Carnegie Science Center visit blends education and entertainment

Patrick Hosken | Staff Writer

Week Nine at Chautauqua Institution typically is when things start winding down, with campers at Boys’ and Girls’ Club trading in their boondoggle for books, college kids spending their hard-earned summer money on textbooks, and the like.

This year, Chautauqua is bringing out the robots to entice people to stay.

Beginning Sunday, staff members from Pittsburgh’s Carnegie Science Center will host different family-oriented events around the grounds throughout the week. Some of the science events will be open to the public, while others will be specifically Club and Children’s School activities.

The week kicks off with a “Science in the Streets” event at 4:30 p.m. Sunday on Bestor Plaza. Staff members will set up different science activity stations, including one focusing on the sense of touch and another where participants can create bookmarks that feature their birthdays written in binary code.

The second “Science in the Streets” event will be held at 4:30 p.m. Friday on Bestor Plaza and features stations for participants to build their own circuits and partake in a mission that requires them to follow oral commands.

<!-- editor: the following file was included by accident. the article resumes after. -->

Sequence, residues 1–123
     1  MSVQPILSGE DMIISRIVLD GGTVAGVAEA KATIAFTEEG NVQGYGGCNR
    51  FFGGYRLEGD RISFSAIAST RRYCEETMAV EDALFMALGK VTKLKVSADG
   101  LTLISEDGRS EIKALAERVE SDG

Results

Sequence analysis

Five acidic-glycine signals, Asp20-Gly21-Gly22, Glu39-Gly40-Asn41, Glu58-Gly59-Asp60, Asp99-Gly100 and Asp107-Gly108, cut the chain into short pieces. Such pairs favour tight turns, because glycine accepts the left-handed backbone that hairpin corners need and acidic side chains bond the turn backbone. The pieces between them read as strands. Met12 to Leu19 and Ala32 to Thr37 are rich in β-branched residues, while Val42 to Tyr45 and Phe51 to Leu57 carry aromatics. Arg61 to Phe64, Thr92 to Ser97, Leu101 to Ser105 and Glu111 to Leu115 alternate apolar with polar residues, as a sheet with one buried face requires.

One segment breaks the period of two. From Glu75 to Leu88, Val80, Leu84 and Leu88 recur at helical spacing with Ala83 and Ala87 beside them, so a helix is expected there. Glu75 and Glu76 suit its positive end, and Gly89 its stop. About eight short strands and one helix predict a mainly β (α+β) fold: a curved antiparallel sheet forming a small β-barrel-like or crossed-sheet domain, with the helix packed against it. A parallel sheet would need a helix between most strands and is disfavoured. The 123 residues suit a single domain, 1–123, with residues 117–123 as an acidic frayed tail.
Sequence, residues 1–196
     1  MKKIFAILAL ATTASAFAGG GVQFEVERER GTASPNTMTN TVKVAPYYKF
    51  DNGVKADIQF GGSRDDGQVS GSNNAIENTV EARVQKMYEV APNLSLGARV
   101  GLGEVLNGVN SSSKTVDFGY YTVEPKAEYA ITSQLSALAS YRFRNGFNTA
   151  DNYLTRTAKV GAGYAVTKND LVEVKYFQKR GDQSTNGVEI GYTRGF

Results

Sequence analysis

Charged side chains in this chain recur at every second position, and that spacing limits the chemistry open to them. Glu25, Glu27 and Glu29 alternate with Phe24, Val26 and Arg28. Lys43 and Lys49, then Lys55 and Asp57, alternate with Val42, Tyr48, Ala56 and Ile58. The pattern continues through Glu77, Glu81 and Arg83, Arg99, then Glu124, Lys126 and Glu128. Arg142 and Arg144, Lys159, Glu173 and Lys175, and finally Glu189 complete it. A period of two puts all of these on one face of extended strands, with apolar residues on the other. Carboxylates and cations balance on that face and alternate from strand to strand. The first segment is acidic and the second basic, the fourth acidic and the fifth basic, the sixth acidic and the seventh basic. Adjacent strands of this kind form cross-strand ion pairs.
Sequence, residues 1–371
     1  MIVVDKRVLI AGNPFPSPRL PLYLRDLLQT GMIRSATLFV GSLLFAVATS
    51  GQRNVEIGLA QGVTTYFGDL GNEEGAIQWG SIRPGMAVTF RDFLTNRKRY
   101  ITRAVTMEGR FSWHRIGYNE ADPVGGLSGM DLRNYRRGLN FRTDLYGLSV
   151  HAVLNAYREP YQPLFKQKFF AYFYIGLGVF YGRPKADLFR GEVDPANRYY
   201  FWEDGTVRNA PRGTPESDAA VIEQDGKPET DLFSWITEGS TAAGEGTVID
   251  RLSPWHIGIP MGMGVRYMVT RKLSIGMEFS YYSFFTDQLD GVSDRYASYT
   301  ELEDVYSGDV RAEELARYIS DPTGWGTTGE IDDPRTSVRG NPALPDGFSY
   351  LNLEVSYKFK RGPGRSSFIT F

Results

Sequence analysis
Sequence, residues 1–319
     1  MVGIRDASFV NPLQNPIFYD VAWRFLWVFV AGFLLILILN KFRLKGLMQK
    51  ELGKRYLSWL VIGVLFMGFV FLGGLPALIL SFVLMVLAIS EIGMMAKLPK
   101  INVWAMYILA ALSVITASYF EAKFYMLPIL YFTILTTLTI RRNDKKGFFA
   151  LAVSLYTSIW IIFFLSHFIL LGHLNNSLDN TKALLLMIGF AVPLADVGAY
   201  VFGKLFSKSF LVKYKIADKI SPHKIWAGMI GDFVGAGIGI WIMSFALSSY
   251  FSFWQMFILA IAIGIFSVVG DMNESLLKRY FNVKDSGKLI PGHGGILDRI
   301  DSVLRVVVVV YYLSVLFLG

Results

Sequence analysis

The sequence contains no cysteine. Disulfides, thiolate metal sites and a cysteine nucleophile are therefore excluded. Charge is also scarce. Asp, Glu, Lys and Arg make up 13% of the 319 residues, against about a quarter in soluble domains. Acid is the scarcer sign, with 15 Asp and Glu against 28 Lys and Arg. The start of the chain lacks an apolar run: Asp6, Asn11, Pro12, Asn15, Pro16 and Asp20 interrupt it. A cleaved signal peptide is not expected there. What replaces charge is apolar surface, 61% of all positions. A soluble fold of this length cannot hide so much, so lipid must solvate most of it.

Both “Science in the Streets” events are open to the public.

On Tuesday, the “Rockin’ Robots World Tour” event will take the stage at 6:45 p.m. in Elizabeth S. Lenna Hall. Featuring Quasi, a small animatronic robot, the show is family-oriented and open to the public.

Throughout the week, Carnegie staffers will wow Club campers with the ProBot, a robotic car that responds to commands; dazzle them with an illuminating light show; and educate them with smaller, informative programs like “Bug Blast!” and “Animal Tracking.”

Jack Voelker, director of recreation and youth services, said that though the Chautauqua audience thins out in Week Nine, the Carnegie programs provide ways for children to stay entertained and educated.

“The types of activities we work toward work better in small groups and give the kids a good first-hand experience with this very talented staff from Carnegie,” Voelker said. “It makes the week special just when we need it to be special.”

The Carnegie Science Center has been visiting Chautauqua with interactive scientific events since 1993, an opportunity made possible by the Charles Edison Fund out of Newark, N.J.